Interview by Howie Rhee. Published September 17, 2014.
I grew up in San Antonio, Texas and went to an all-girls Catholic high school. During high school I was president of the Latin Club, played the harp and spent my summers at the Texas State Honors Summer Math Camp.
What did you focus on at Duke? What were your main activities and areas of study?
My first two years at Duke were unfocused. I was involved in Blue Devils United, the LGBT student organization, and volunteered as an HIV counselor. I also played club rugby. Academically, I switched between engineering, economics and public policy classes.
I started to focus on entrepreneurship during my junior year after an internship at a social enterprise startup in San Francisco. I worked at startups and learned as much as I could about Silicon Valley.
Tell us about the Summer Innovation Program. What did you do and what did you learn?
I interned at Jellyfish Art. I spent most of my time creating Google Adwords campaigns that generated thousands of dollars in revenue for the startup. Since the website manager was part time and remote, I was able to also gain experience with web development. However, the Summer Innovation Program was more than just an internship. Through the books we read, group discussions and field trips I became immersed in Silicon Valley culture. During my senior year I was thankful for the people I met during the program. They were extremely supportive while I finished my Computer Science major searched for a startup job.
You switched to Computer Science. How did that go? Was it too late to do it?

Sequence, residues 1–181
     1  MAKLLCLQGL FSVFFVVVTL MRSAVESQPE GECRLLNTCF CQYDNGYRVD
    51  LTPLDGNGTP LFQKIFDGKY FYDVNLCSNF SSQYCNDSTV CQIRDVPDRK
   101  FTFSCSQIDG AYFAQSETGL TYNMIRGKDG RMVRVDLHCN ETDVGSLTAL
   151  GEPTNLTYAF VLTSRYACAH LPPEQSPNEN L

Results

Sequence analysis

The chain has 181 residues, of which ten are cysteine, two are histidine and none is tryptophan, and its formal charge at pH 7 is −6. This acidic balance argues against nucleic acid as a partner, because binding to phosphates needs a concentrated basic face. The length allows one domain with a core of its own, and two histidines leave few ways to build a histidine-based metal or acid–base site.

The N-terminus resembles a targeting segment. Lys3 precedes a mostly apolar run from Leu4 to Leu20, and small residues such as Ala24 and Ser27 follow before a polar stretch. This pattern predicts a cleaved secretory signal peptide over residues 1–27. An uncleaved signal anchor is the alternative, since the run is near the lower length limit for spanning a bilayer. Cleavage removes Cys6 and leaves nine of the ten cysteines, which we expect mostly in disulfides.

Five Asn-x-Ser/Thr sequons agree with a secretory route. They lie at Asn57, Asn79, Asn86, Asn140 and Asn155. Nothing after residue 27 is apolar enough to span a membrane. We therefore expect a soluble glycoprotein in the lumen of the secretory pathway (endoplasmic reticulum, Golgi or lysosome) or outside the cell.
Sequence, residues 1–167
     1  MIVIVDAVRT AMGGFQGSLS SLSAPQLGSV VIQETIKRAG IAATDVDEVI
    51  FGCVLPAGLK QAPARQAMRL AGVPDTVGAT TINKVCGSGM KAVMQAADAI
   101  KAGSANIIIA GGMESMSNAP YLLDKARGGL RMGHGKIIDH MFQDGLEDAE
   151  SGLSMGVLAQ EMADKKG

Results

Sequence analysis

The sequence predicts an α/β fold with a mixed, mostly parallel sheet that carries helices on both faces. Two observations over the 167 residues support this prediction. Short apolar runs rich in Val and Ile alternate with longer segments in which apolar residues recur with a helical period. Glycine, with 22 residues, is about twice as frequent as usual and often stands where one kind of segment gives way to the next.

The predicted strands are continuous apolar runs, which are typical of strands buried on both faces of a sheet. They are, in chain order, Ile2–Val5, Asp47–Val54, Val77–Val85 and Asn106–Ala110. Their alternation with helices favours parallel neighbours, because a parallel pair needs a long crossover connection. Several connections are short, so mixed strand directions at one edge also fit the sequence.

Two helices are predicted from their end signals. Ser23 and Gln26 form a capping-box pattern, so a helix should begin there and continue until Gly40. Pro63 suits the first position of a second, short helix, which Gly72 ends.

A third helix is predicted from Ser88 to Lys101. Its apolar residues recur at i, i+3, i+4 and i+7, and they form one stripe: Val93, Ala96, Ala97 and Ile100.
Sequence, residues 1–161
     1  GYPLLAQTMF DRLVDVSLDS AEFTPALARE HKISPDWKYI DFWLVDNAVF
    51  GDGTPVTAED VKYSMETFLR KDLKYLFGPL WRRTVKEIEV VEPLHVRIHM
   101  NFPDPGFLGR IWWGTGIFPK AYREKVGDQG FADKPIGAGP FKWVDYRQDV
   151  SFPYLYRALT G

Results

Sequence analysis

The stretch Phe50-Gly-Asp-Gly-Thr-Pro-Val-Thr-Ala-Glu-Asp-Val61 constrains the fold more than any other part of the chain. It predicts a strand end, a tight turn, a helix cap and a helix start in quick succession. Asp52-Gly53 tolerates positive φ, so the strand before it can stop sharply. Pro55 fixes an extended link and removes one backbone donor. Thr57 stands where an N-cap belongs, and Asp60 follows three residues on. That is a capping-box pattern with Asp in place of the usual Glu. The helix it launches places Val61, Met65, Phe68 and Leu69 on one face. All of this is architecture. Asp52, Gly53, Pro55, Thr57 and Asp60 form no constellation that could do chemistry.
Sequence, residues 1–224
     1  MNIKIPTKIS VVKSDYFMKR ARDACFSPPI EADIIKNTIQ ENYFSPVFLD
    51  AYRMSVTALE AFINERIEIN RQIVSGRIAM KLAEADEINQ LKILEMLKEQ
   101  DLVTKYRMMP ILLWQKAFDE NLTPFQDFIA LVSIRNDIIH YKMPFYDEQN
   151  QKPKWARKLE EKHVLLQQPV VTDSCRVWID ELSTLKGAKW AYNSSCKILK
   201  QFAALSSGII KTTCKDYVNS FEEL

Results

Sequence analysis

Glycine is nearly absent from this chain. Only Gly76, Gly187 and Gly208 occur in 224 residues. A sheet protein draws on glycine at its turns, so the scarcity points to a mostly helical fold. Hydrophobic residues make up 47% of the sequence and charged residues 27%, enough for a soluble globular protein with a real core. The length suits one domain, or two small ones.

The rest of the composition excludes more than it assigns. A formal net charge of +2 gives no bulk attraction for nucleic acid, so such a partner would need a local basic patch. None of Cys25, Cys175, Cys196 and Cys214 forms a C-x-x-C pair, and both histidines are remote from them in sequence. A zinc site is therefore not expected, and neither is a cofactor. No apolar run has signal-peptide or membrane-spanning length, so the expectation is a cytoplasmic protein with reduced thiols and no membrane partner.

I had enough classes to easily graduate with a minor in Computer Science. However, completing the rest of the classes for the major during my senior year was very difficult. I sought out lots of help from my professors and classmates. During that semester I was also looking for a post-graduation job which added to the stress. While it wasn't too late, it is not a path I recommend. I succeeded because I had excellent study skills, could cope well with stress and was completely committed to finishing off the major. I missed out on taking interesting elective classes, doing research and building relationships over time with professors and classmates.
I received my offer from Bizo during the last week of class. I moved to San Francisco and began working for the startup in July.
Bizo was just acquired, what has that experience been like?
It's been very exciting. I look forward to developing even more as a software engineer and doing great things with the Bizo team at LinkedIn.
You are involved in diversity efforts in the Bay Area. Tell us about that.
I mentored at Hackbright Academy, a 12-week software development training program exclusively for women. I was a teacher at OpenHatch's Open Source Comes to Campus event at City College San Francisco. I spent a day teaching at the Maven Queer Youth Tech Camp. I am also a member of the feminist hackerspace Double Union. I enjoy teaching and care deeply about exposing people from underrepresented groups to computer programming. I primarily hear about these volunteer opportunities through Twitter, Meetup and email newsletters.
Any key pieces of advice to pass on to Duke students?
You will accomplish more and be less stressed if you focus on what's most important to you. Don't spread yourself too thin.
Favorite memory of Duke?
Going with my friends to Duke Performances and dance parties at the Pinhook.